Customers Customers Customers

As a roadmap announcement today, the focus isn’t so much on the customers but on the technology. Because Intel is moving into a phase where it expects its IFS offerings to compete against the established players, it has to consider its disclosures with respect to both its internal use and any external interest, which is a new concept for the company – at least on this scale compared to its previous foundry efforts.

Intel CEO Pat Gelsinger, in the company’s Q3 financial call last week, was keen to point out that they already have a large hyperscaler customer signed up for their next generation packaging technology, however today there would appear to also be another customer in the mix. Now we assume that Intel’s Foundry Services is talking to 100s of chip companies, big and small, but it doesn’t take much to sign an NDA to start to talk – what will be interesting is when customers start making commitments to using Intel’s facilities, and if any of those are volume orders.

As part of the announcement today, Intel held a little bit back from us, saying that they are saving some of the details specifically for the event that is going on as we publish this piece. All we know is that our draft press release has a big yellow bar that says ‘[customer news]’ on it, right next to Intel’s 20A process node details.

For reference, Intel 20A is a 2024 technology using first generation Gate-All-Around transistors, marketed as RibbonFETs, as well as backside power delivery, marketed as PowerVias. At this time Intel expects to have second/third-generation EMIB available as well as fourth-generation Foveros Direct. So if a customer is already committing to Intel 20A, there’s going to be a lot of potential here.

When the announcement is made, we will update this news article.

To conclude, Intel maintains that these roadmaps will showcase a clear path to process performance leadership* by 2025. It’s a tall order, and the company has to execute better than it has in recent memory - but that’s kind of why the company has rehired a number of former Intel experts and fellows in research, product design, and execution.

*as measured by performance per watt at iso-power

Here's a secondary comparison chart (compared to the one on page one) with all three main foundry offerings listed in each of the main segments that Intel has discussed today.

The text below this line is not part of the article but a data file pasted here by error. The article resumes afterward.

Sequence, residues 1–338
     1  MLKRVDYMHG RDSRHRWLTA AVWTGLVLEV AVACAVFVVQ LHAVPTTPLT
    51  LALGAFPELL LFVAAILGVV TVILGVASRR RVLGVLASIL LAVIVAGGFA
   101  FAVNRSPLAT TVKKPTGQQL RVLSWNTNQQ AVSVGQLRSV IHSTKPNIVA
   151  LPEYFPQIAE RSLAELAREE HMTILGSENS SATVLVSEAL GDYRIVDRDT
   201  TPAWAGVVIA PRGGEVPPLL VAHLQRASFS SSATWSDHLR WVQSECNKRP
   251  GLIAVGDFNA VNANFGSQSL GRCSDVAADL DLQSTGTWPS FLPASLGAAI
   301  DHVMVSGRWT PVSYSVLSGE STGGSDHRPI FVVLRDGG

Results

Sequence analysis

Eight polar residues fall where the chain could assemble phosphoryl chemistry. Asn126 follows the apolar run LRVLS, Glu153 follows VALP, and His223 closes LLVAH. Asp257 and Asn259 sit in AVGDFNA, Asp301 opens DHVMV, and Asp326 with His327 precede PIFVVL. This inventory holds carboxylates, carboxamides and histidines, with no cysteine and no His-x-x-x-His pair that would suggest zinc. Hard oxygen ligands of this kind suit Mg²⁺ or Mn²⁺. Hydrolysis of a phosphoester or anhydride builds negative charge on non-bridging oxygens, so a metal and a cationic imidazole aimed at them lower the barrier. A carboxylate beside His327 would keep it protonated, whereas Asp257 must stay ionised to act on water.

Intel’s Next Generation Packaging: EMIB and Foveros
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  • shabby - Monday, July 26, 2021 - link

    Lol this guy is a great comedian 😂 Reply
  • at_clucks - Tuesday, July 27, 2021 - link

    They're also preparing the elusive 0nm process. Really tiny, great power consumption too. Reply
  • RealBeast - Tuesday, July 27, 2021 - link

    Don't get sucked into those 0nm chips, wait for the negative nm the following year. ;) Reply
  • linuxgeex - Wednesday, July 28, 2021 - link

    Intel's minds have come up with a new complex plane process. They measure their feature size by taking the square root of the height of the gate. By extending the gate downward, their measurements start at -1, leading to measurements in the scale of i, which tickles their marketing department no end. Sadly, i doesn't deliver on a real timeline. Reply
  • mode_13h - Thursday, July 29, 2021 - link

    :D Reply
  • nandnandnand - Monday, July 26, 2021 - link

    "Isn't Intel Just Trying To Pull The Wool Over Our Eyes?"

    Yes. Otherwise there's no need for the marketing dept to magically shrink the fake 10nm node to become a fake 7nm.
    Reply
  • ianmills - Monday, July 26, 2021 - link

    When everyone lies nobody is wrong... Reply
  • nandnandnand - Monday, July 26, 2021 - link

    As long as they put out accurate transistors per square millimeter estimates, everything's fine.

    Who is the biggest liar now? Probably Samsung.
    Reply
  • DigitalFreak - Monday, July 26, 2021 - link

    Nope. Still Intel. Reply
  • bigboxes - Tuesday, July 27, 2021 - link

    Yeah, Intel is still king of the liars. I've got a box full of Intel CPUs, but Intel really crapped the bed. Intel 7 is the new 10nm. Can't make this stuff up! We can't put out a competitive product so we'll call it 7 anyways! GO INTEL GO! Reply

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